By the time we got back to the car, it was 8 PM. We stopped and got something to eat, dressed the boys for bed and headed home.
All in all it was such a great trip!!
Thursday, August 21, 2008
I am not questioning the decision. I know it is the right one and I know that this is what God wants us to do. I am pretty firm in my resolve, but the execution of it worries me.
Last night I went to this meeting for new homeschoolers . . . it was called Smoothing the Way. It is a monthly meeting to address topics that typically concern new homeschoolers. I felt like I had a pretty good handle on things . . . I had chosen a curriculum and have all the books, etc that I need. I have planning time scheduled each week and a basic schedule for our days. But, for some reason, I got totally frightened during that meeting. Did I pick the right curriculum? Did I do enough research? Have I planned enough?? Do I really have any clue as to what I am doing?
In the back of my mind, I can hear the many seasoned homeschoolers I know say "Katie, it is Kindergarten. Relax." I have heard countless stories from homeschoolers who have said that they went to the park everyday when their kids were my son's age (and their kids are incredible students now). Yet, still, I worry.
I worry I will not stimulate him enough. I worry I will stimulate him too much. I worry I will not push him enough. I worry I will push him too much. (Maybe someone as histrionic as I am should be barred from homeschooling! :-) )Intellectually I know I will not scar him for life if I mess up kindergarten, but in my heart I am still uneasy about it.
One thing, I am glad to know that I am not alone in some of these feelings. I guess, when you embark on something new like this, you should be a little nervous. Educating your child should be important enough to worry about.
Tuesday, August 19, 2008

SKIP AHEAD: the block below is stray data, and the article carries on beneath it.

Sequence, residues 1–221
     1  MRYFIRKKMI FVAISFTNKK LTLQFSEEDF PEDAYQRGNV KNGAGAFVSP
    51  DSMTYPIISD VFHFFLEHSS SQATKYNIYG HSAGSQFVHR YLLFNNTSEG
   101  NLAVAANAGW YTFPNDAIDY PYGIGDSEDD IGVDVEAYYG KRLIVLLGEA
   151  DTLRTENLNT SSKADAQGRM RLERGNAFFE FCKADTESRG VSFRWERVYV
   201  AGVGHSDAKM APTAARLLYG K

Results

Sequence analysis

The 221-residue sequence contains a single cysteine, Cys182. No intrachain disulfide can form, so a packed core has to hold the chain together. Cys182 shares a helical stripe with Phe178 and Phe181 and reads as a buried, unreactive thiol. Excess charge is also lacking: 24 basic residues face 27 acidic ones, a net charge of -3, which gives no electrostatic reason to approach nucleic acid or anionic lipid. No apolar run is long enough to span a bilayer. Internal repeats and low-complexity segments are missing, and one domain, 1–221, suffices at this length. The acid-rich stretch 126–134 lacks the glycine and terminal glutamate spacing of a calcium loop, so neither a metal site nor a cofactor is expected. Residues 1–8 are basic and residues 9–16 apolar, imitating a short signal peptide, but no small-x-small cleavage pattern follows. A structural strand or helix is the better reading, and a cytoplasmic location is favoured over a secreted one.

For part #2, all I have to say is the more the merrier!!! I love my kids and would love as many as God sees fit to bless us with!! Before marriage, I thought my limit would be two (and that was pushing it a bit!!) . . . now, the only limit I will put on the number, is whatever number God has for us!!
Thursday, August 14, 2008
Several well-intentioned people thought our boys needed those little plastic green army men. One package of 100 was fine, but they have multiplied. We now have multi-colored Cowboys and Indians (some even glow in the dark!!) and blue army men too. My boys love these, but they have been found all around our house!!
I thought it would be fun to list the many places I have found them. More may be added at a later date, but only if they are fun and interesting!
1. On any floor in the house (playroom, kitchen, living room, even the bathroom!!)
2. In the sandbox
3. In the grass
4. Between cushions in the couch
5. Under the couch
6. In the toilet!! (Not sure how it got there, but I think my two-year old had something to do with it).
7. Behind the toilet
8. In the tub
9. In my son's dresser drawer
10. In the boys' beds
11. In my bed!!!
12. In the laundry room, sometimes in the dryer
13. In our dog's mouth!!
14. In the stroller basket
15. In my infant's car seat (Caleb and Joshua must think Andrew is old enough to appreciate the army men.)
16. In my diaper bag/purse (to be honest, there is little I have NOT found in there. My oldest thinks it is the best place to put ANYTHING he wants to keep!!)
17. In the office (There is a yellow Indian and an army man with a bazooka at my feet right now!!)
18. Next to the computer
19. In the bushes in our front yard (to keep the house secure, I am sure!!)